Today, mental disturbance is most commonly viewed through a medical lens, but societies have also sought to make sense of it through religion or the supernatural, or by constructing psychological or social explanations in an effort to tame the demons of unreason.
On Thursday, September 24, 7:00 p.m., the New York Institute for the Humanities at NYU presents a panel discussion of Andrew Scull's new book Madness in Civilization: A History of Insanity from the Bible to Freud, from the Madhouse to Modern Medicine with Andrew Scull, George Makari, Patrick McGrath and Sylvia Nasar.
TThe loss of reason, a sense of alienation from the commonsense world we all like to imagine we inhabit, the shattering emotional turmoil that seizes hold and won’t let go—these are some of the traits we associate with madness. Today, mental disturbance is most commonly viewed through a medical lens, but societies have also sought to make sense of it through religion or the supernatural, or by constructing psychological or social explanations in an effort to tame the demons of unreason. In his recent book Madness in Civilization (Princeton University Press), Andrew Scull traces the long and complex history of this affliction and our attempts to treat it.
Madness in Civilization takes readers from antiquity to today, painting a vivid and often harrowing portrait of the different ways that cultures around the world have interpreted and responded to the seemingly irrational, psychotic, and insane. From the Bible to Sigmund Freud, from exorcism to mesmerism, from Bedlam to Victorian asylums, from the theory of humors to modern pharmacology, the book explores the manifestations and meanings of madness, its challenges and consequences, and our varied responses to it. It also looks at how insanity has haunted the imaginations of artists and writers and describes the profound influence it has had on the arts, from drama, opera, and the novel to drawing, painting, and sculpture.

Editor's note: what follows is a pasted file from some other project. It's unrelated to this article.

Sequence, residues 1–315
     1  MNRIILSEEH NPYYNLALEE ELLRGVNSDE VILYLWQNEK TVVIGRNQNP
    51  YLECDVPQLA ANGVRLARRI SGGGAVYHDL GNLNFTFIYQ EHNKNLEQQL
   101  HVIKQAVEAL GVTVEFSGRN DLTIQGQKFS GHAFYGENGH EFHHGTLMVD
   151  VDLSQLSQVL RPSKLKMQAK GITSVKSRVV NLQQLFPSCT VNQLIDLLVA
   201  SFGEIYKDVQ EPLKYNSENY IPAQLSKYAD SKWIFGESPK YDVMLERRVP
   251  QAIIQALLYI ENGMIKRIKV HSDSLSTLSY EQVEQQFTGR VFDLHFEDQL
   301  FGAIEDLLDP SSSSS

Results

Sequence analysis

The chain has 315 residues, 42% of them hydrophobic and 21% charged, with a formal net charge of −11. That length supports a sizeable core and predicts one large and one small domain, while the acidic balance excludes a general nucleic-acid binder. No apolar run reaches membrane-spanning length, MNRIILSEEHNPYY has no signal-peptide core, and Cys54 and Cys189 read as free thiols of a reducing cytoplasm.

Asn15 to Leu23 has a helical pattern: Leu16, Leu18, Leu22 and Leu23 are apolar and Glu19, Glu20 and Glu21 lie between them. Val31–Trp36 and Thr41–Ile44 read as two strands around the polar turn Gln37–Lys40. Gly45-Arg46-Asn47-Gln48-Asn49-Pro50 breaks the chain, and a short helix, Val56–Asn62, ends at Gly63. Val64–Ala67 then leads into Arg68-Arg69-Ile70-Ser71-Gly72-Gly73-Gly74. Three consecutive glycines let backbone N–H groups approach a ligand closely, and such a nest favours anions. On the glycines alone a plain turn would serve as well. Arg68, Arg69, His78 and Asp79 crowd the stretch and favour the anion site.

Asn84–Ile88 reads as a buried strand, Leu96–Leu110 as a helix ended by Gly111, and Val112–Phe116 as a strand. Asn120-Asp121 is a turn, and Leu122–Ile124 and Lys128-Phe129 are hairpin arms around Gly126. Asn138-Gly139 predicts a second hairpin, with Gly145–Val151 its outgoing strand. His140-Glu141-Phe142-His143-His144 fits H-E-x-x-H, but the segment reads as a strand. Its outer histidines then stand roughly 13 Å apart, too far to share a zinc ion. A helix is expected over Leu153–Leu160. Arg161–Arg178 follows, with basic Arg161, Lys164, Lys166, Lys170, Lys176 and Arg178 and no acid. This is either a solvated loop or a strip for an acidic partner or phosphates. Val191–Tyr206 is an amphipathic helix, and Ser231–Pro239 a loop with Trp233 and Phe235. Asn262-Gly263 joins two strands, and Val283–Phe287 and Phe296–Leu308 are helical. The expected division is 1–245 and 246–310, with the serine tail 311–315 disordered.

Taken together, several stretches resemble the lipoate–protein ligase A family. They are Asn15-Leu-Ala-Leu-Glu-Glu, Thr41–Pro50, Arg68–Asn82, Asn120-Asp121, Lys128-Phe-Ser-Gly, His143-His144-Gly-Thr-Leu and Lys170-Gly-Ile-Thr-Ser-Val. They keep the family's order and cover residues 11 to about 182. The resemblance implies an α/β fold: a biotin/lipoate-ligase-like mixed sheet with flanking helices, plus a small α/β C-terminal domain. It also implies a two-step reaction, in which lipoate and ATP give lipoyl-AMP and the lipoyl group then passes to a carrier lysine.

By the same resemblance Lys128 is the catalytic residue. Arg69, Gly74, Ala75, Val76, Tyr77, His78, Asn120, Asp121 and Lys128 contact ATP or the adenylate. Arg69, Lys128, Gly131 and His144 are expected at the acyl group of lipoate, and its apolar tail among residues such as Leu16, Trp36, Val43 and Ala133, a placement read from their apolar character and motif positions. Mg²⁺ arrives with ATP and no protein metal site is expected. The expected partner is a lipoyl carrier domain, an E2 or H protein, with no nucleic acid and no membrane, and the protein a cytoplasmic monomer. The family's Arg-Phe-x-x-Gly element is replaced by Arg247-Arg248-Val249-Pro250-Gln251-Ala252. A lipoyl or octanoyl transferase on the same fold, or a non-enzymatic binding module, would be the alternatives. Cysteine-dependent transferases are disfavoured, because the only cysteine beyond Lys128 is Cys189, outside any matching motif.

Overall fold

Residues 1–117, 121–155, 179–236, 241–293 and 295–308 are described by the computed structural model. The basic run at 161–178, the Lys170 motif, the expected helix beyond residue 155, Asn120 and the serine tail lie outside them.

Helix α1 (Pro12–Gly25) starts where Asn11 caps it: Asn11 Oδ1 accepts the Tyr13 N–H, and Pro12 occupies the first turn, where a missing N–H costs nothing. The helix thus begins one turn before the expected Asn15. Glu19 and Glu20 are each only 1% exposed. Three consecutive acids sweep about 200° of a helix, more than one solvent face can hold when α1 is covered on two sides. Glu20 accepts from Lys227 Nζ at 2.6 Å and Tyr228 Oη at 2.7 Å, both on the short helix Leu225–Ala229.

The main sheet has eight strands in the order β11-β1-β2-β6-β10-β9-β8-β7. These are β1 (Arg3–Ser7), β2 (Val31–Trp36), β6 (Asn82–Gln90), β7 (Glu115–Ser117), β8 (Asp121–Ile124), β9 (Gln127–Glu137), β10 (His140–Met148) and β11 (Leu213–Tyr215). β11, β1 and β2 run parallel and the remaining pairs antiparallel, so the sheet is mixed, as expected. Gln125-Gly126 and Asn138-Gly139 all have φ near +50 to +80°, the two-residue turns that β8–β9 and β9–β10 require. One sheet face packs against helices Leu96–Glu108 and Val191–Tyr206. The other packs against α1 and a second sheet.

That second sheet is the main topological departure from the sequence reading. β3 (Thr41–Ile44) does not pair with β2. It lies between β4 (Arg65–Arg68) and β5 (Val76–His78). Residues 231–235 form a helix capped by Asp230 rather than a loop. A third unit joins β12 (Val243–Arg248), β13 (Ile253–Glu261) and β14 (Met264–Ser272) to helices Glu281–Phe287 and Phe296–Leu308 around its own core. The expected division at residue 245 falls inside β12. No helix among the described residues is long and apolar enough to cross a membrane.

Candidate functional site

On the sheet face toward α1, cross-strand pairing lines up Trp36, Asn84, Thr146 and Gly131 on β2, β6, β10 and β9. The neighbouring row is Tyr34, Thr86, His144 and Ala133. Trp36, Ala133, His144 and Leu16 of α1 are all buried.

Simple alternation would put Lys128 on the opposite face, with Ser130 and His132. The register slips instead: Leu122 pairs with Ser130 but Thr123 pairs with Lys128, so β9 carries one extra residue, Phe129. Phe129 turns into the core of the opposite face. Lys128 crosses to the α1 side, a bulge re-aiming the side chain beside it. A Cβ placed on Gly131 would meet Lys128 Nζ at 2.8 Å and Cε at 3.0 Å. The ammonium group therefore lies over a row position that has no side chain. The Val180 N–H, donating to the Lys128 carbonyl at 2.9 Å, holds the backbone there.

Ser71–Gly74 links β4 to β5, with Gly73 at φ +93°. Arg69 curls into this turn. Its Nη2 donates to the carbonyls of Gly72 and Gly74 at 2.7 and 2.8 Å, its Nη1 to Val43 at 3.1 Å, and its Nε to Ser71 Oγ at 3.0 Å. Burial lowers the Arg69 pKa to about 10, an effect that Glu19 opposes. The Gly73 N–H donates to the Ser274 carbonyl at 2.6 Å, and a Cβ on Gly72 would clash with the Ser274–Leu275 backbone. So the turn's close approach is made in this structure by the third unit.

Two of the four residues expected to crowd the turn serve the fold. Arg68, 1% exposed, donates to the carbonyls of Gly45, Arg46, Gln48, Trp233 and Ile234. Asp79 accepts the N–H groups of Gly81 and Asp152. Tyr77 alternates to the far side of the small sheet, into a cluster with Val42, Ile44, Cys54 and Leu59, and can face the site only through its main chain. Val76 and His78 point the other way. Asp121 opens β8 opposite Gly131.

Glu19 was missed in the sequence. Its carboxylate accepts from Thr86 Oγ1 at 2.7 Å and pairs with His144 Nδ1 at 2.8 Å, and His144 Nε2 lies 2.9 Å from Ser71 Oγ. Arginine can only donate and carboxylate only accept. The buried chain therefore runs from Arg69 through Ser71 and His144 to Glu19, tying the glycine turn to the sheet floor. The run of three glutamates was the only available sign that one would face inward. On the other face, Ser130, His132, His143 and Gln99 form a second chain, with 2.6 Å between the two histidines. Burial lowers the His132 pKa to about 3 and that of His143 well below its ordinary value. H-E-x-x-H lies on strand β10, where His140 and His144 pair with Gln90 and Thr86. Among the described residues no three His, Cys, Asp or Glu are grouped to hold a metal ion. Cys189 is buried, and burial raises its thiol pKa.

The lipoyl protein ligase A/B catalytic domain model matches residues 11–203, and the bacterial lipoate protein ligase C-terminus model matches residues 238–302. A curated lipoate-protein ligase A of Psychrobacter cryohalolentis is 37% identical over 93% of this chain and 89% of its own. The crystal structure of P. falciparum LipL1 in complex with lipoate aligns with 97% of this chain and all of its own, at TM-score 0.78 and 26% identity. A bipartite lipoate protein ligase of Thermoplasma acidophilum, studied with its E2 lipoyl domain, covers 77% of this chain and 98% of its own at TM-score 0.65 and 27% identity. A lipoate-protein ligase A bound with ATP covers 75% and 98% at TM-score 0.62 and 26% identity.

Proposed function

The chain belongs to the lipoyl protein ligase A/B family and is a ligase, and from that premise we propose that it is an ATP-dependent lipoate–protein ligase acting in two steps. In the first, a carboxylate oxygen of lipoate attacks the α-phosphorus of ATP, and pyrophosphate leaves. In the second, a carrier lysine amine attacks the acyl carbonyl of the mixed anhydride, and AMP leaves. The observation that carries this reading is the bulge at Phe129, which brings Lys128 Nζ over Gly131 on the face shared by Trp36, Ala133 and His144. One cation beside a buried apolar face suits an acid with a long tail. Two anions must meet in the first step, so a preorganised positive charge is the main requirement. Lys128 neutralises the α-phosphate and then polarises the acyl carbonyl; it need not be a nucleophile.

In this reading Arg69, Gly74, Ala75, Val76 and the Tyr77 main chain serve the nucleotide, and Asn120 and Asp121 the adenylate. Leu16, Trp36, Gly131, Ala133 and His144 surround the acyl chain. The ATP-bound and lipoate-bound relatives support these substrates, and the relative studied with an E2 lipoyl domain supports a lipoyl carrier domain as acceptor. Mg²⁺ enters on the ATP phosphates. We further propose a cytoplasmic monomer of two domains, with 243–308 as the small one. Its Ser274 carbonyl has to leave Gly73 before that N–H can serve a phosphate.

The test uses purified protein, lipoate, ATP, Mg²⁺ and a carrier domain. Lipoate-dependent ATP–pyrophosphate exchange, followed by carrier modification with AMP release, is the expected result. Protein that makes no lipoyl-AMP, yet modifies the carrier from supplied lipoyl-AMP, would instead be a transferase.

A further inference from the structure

Andrew Scull is Distinguished Professor of Sociology and Science Studies at the University of California, San Diego. His books include Hysteria: The Disturbing History, Madhouse: A Tragic Tale of Megalomania and Modern Medicine, and Masters of Bedlam: The Transformation of the Mad-Doctoring Trade (Princeton). He lives in La Jolla, California.
George Makari is director of the Dewitt Wallace Institute for the History of Psychiatry and professor of psychiatry at the Weill Medical School of Cornell University. He is the author of Revolution in Mind: The Creation of Psychoanalysis and the forthcoming Soul Machine: The Creation of the Modern Mind (Norton).
Patrick McGrath is the author of eight novels, including Asylum, Martha Peake, Port Mungo, and Trauma, which was shortlisted for the Costa Novel Award. His most recent novel is Constance (Bloomsbury). A native of London, he grew up near Broadmoor Hospital, where his father was medical superintendent.
Sylvia Nasar is the author of A Beautiful Mind, which inspired the Academy Award–winning film, and Grand Pursuit: The Story of Economic Genius. She was an economics correspondent for the New York Times and is the John S. and James L. Knight Professor of Business Journalism at Columbia University. Her work has appeared in the New Yorker, Vanity Fair, Newsweek, and other leading publications.
Events at Deutsches Haus (42 Washington Mews, at University Pl., New York N.Y., tel. 212. 998.8660) are free of charge. If you would like to attend this event, please RSVP via the New York Institute for the Humanities' website. Space at Deutsches Haus is limited, please arrive ten minutes prior to the event.